This has also contributed to the children's disinterest in education by the time they are due for class one. Hence the need to start a nursery and kindergarten in the community to help these children identify objects, alphabets and numbers.

They started in an abandoned pig pen and then moved under a tree. During rainy seasons and bad weather it becomes impossible to have lessons

Upon routine visit of IDAY Ghana to one of our number organization (Joy project NGO) in the community, we found the woeful situation and decided to intervene. We have been able to construct a clay thatch school building for the people of Lakpleku community. With the help of IDAY Ghana and members contribute they now meet under a shelter

There will be official launch of The IDAY Kindergarten School building in Lakpleku community on the June 16 and open forum.

However, IDAY Ghana members are always willing to contribute for the success of the program  


Kenneth Nana Amoateng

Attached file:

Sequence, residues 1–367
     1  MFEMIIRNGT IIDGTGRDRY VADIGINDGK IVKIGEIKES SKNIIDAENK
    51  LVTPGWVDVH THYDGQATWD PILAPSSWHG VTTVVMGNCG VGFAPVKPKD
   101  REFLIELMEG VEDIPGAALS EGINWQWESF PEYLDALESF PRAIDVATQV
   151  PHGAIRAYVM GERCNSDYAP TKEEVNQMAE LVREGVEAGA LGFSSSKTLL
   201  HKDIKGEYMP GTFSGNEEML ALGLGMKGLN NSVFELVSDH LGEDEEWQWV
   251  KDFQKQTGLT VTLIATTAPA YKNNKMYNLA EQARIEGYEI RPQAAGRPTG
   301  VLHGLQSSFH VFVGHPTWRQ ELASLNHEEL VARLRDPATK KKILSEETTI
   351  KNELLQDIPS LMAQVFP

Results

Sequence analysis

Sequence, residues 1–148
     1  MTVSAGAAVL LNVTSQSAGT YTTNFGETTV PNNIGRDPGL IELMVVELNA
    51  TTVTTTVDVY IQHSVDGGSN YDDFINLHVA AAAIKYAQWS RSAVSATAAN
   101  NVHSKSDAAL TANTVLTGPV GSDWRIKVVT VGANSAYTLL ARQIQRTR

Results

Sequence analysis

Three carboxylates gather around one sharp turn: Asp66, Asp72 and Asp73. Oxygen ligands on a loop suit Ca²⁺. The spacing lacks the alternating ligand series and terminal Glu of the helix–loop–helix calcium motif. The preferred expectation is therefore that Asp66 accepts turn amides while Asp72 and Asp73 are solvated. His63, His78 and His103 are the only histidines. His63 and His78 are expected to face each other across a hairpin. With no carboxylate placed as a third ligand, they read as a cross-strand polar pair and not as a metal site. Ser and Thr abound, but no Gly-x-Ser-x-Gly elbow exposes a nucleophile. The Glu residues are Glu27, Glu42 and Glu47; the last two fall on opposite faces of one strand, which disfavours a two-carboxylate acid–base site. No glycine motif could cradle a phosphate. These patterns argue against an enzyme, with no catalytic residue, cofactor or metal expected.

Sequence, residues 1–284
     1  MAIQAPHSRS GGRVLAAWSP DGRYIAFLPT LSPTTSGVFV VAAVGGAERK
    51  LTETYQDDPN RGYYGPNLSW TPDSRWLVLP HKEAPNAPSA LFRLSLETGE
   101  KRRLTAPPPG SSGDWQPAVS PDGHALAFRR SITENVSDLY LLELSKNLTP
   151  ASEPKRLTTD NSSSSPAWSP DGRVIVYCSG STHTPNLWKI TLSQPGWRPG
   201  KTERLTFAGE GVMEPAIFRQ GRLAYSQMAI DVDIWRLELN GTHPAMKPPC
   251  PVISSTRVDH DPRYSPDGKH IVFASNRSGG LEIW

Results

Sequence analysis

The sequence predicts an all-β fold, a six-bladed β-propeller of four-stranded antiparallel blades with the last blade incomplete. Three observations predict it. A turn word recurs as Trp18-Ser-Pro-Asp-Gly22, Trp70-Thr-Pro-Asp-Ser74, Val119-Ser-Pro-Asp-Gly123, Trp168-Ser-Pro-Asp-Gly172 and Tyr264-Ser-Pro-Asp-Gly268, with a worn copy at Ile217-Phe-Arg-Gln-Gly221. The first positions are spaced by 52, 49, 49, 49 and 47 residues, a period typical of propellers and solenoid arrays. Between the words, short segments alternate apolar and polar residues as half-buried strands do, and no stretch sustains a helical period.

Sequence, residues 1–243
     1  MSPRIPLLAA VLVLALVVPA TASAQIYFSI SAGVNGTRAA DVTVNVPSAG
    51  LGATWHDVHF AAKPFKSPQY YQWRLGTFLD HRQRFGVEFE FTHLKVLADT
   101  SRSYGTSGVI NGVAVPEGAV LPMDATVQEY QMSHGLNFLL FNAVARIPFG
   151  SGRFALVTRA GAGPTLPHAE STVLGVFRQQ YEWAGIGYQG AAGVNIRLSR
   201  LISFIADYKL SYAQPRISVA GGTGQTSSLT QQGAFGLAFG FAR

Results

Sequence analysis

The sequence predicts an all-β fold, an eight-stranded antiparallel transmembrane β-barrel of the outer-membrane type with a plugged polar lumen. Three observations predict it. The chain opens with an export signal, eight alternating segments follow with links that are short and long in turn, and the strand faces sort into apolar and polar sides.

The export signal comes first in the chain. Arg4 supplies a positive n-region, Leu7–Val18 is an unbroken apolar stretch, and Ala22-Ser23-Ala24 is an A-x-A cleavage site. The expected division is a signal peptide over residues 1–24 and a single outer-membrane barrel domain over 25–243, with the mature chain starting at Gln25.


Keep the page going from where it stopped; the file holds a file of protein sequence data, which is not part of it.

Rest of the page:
IDAY-Ghana Coordinator

Saturday, February 14, 2015

International Mining for Development Centre Alumini -Abibimman Foundation


The conference was attended by a number of experts from the mining industry. The conference was organised to educate the various actors that attended the conference on a number of issues. The conference started with key note speeches from the organisers, the chairman, the speakers and the Honourable Minister for lands and Natural resources.

We later at the end of the workshop took a group photo.
We were educated on the African Mining Vision and the Country Mining Vision. The African Mining Vision is to create a transparent, equitable and optimal exploitation of minieral resources to underpin broad based sustainable growth and socio-economic development. The AMV is knowledge driving and conceived as a key component of a diversified industrialising Africa. And capitalize on the mutually beneficial partnership between government and Civil Society organisations.

The African Mining Development Commission’s (AMDC) mission is working with member states and their national and regional organisations to enable the mineral resources play a greater transformative role in development of the continent through increased economic, social linkages and improved governance.  AMDC is demand driven; they ensure the tracking, coordinating and implementation of the AMV, identify gaps and areas of need in the mining sector, advocacy role, serving as a policy think tank etc.